WHERE IT ALL BEGAN (Part VI)

WHERE IT ALL BEGAN (Part VI)

BELIEFS SHARED BY GREAT MINDS

A truly inquiring mind is never really satisfied. For each layer of strata that is removed in the exploration of a subject, it uncovers a new layer of heretofore unassimilated information that only fires the imagination to search for more. When reading a new perspective on a somewhat familiar concept, it is best to read it all the way through before determining if you have such an inquisitive thought process, so you can congratulate yourself on being an above average believer seeking to improve their appreciation for what God has given us in His great plan of salvation.

One of the most famous and oft quoted of the Greek philosophers was a man named Socrates who lived from 469-399 B.C. It is accepted in most circles that Socrates laid the foundation for the development of modern Western philosophy. He is also known for inventing “pedagogy,” which is the science and art of education.

One of the first attributes we discover with Socrates that he shares with Jesus of Nazareth, is that neither one of them ever wrote anything philosophical or biographical. In the case of Socrates, whatever information we have about him is derived from the works of four scholars – Xenophon, Plato, Aristotle, and Aristophanes. The same applies to Jesus of Nazareth. All all we know about Him came by way of four followers – Matthew, Mark, Luke and John.

Because these writings about Jesus are called the “Gospels,” and those attributed to Socrates’ associates are what some consider to be artistic and creative, many have doubts as to whether the details contained therein are truth, anecdotal, or myths. However, mythology is enigmatic to say the lest. Since it cannot be proven wrong by facts, it therefore cannot be dismissed for lack of facts. By the same token, the information on Socrates cannot be proven by any historical evidence, and some question that he ever existed; that he may have been an imaginary character in his students’ writings as a mythical figure to explain their philosophy, yet in the literary world and university hallways he is accepted more readily than Jesus of Nazareth for whom there is much greater evidence available from sources other than the Gospels. All of this can be said about the proof for the existence of a man named Shakespeare. Yet his works are studied in universities around the world, while the story of Jesus is treated with far less respect.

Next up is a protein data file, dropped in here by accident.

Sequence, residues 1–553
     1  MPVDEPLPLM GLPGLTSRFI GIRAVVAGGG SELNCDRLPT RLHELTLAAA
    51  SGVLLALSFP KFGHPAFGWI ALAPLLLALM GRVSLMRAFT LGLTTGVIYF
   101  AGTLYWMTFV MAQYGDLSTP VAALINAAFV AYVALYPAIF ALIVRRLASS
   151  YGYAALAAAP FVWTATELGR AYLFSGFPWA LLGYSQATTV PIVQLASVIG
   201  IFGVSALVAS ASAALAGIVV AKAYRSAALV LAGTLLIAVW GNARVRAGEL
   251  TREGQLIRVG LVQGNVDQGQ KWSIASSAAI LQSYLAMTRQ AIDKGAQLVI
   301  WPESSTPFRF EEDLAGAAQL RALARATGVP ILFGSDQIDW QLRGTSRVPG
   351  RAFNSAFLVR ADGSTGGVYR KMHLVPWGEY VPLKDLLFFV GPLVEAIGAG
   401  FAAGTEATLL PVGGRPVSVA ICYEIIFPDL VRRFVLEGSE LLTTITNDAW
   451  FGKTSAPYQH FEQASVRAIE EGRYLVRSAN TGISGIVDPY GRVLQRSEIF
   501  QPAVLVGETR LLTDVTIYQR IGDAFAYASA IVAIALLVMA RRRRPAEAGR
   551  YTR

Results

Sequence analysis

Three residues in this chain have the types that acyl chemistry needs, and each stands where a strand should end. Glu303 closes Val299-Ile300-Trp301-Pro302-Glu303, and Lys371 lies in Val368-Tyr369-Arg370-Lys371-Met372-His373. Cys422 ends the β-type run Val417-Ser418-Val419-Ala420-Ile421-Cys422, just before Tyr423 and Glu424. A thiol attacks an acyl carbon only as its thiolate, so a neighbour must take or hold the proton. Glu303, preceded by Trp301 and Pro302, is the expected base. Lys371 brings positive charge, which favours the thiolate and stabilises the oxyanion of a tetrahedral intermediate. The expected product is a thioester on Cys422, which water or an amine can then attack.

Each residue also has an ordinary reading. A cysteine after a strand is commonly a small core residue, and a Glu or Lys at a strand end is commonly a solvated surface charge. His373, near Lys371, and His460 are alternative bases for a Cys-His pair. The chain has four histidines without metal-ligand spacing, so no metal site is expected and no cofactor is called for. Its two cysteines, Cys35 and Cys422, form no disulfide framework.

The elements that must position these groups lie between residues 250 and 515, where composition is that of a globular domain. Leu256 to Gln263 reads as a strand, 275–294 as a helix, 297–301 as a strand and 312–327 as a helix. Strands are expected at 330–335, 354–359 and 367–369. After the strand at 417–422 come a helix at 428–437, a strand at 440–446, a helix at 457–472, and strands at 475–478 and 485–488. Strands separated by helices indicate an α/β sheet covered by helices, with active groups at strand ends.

Whatever the real facts in the case of Socrates, he is known primarily for his original ideas, his communication skills, and his astute teaching abilities. And like Jesus of Nazareth, who was born in the home of a carpenter, yet from the age of 12 until the age of 30 we know nothing about how He supported Himself or His studies. So with Socrates, we know little about what he did for a living, although in the Silloi of the Pyrrhonean Timon of Phlius, he tells us that Socrates took over his father’s stonemasonary trade. But he became most widely known for his teaching.